After the construction of any computer model, there is an initalisation process whereby the model is checked to see whether the starting values in each of the cells are physically consistent with one another. For example, if you are modelling a bridge to see whether the design will withstand high winds and earthquakes, you make sure that before you impose any external forces onto the model structure, that it meets all the expected stresses and strains of a static structure. After all, if the initial conditions of your model are incorrect, how can you rely on it to predict what will happen when external forces are imposed in the model?

Fortunately, for most computer models, the properties of the components are quite well known and the initial condition is static, the only external force being gravity. If your bridge doesn’t stay up on initialisation, there is something seriously wrong with either your model or design!

With climate models, we have two problems with initialisation. Firstly, as previously mentioned, we have very little data for time zero, whenever we chose that to be. Secondly, at time zero, the model is not in a static steady state as is the case for pretty much every other computer model that has been developed. At time zero, there could be a blizzard in Siberia, a typhoon in Japan, a nice day in the UK, monsoons in Mumbai and a heatwave in southern Australia, not to mention the odd volcanic explosion, which could all be gone in a day or so.

There is never a steady state point in time for the climate, so it’s impossible to validate climate models on initialisation.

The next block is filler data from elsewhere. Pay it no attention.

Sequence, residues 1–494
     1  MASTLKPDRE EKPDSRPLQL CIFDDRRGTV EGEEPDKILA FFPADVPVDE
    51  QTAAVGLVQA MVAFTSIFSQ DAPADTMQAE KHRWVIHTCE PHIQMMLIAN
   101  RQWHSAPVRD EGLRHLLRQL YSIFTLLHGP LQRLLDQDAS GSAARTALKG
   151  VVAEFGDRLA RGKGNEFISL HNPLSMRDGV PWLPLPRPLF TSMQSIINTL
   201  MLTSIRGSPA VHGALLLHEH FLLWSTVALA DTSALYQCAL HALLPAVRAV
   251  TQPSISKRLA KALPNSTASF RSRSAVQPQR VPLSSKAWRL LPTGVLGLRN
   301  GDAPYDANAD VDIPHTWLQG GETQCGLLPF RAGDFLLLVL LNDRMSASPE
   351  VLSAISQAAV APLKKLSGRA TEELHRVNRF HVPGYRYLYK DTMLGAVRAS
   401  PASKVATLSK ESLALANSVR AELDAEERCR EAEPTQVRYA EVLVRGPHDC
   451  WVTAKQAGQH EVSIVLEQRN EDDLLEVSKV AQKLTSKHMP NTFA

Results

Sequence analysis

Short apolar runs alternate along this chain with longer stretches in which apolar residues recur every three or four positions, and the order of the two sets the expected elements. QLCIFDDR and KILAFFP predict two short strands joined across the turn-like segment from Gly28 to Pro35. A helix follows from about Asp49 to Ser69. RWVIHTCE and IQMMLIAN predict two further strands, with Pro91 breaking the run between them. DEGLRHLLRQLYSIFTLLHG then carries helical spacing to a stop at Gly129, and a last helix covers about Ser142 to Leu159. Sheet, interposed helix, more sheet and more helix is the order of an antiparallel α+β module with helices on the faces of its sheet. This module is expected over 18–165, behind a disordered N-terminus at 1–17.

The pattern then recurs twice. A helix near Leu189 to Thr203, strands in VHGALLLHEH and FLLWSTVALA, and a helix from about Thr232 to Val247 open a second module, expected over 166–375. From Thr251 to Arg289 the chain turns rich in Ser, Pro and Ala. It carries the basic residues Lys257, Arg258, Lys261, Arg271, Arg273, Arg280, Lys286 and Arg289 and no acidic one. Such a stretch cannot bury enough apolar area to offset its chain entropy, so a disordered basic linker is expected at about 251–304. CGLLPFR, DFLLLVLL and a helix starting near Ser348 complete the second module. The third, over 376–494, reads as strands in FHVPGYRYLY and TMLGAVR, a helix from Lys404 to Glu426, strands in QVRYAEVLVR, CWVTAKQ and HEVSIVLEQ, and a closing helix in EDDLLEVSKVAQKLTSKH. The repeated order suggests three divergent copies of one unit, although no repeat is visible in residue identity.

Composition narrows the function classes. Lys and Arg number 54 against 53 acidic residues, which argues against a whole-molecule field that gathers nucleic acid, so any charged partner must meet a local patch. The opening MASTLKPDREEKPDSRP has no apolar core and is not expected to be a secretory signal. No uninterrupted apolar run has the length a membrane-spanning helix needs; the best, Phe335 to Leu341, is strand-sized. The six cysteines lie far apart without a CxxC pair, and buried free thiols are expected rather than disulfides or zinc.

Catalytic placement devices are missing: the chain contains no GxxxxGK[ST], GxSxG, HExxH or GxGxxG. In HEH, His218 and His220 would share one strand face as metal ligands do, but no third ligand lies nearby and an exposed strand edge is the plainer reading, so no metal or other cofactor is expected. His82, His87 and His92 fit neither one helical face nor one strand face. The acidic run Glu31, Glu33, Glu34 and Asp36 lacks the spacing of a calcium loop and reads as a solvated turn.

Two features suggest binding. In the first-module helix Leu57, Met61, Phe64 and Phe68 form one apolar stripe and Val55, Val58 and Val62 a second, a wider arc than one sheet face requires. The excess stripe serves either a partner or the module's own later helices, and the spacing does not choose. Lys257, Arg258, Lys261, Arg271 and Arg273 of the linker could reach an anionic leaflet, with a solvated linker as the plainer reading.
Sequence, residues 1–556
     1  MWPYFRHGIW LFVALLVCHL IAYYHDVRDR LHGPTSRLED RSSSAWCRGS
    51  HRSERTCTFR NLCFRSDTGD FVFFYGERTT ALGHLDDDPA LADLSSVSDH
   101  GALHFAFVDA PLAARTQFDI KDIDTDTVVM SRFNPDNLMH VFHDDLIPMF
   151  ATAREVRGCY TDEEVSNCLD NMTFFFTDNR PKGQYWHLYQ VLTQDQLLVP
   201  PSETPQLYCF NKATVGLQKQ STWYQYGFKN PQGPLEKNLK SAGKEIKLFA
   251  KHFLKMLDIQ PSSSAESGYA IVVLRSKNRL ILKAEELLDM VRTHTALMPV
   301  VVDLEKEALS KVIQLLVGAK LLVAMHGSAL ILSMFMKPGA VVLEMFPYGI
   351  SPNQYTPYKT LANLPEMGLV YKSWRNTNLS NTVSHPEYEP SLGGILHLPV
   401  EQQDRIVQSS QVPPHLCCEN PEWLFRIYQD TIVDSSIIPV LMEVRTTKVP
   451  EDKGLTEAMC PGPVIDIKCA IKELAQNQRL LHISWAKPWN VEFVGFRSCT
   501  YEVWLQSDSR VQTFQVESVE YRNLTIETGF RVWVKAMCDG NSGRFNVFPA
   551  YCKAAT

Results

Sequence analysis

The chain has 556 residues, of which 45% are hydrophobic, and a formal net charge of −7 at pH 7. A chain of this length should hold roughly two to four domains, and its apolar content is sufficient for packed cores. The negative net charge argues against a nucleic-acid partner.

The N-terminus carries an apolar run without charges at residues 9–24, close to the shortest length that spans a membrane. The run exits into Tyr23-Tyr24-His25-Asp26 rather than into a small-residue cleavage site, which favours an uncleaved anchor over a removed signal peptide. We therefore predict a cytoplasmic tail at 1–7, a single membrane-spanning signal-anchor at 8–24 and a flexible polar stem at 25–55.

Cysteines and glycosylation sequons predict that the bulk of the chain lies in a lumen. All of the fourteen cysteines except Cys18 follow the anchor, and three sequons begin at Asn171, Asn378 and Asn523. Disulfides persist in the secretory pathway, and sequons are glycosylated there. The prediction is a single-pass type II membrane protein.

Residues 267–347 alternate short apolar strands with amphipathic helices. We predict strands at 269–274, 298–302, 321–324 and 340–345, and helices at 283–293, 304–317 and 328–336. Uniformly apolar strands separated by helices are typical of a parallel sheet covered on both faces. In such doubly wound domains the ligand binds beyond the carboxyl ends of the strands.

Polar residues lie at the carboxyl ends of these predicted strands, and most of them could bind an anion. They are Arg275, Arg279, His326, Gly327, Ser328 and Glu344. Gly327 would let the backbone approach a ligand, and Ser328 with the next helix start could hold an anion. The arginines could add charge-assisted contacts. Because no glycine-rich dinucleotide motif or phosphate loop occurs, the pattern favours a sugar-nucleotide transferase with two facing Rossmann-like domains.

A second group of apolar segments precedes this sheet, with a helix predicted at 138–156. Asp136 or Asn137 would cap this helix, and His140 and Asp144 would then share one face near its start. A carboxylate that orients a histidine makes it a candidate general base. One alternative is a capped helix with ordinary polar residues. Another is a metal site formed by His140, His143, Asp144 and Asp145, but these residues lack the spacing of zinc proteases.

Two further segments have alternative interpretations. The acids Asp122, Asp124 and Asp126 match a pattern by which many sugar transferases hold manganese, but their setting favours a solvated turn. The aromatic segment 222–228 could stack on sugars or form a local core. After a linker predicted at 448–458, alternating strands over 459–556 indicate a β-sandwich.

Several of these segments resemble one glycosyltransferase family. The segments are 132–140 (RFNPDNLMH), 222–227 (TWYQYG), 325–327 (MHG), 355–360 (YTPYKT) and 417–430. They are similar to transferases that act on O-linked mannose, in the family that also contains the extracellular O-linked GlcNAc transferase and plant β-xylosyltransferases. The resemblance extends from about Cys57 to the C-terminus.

The best climate modelers can hope for is that their bright and shiny latest model doesn’t crash in the first few timesteps.

The climate system is chaotic which essentially means any model will be a poor predictor of the future – you can’t even make a model of a lottery-ball machine (which is a comparatively a much simpler and smaller interacting system) and use it to predict the outcome of the next draw.

So, if climate models are populated with little more than educated guesses instead of actual observational data at time zero, and errors accumulate with every timestep, how do climate modelers address this problem?

History matching

If the system that’s being computer modelled has been in operation for some time, you can use that data to tune the model and then start the forecast before that period finishes to see how well it matches before making predictions. Unlike other computer modelers, climate modelers call this ‘hindcasting’ because it doesn’t sound like they are fudging the model to fit the data.

Even though climate model construction has many flaws, such as large grid sizes, patchy data of dubious quality in the early years, and poorly understood physical phenomena driving the climate that has been parameterised, the theory is that you can tune the model during hindcasting within parameter uncertainties to overcome all these deficiencies.

But, while it’s true that you can tune the model to get a reasonable match with at least some components of history, the match isn’t unique. When computer models were first being used last century, the famous mathematician, John Von Neumann, said: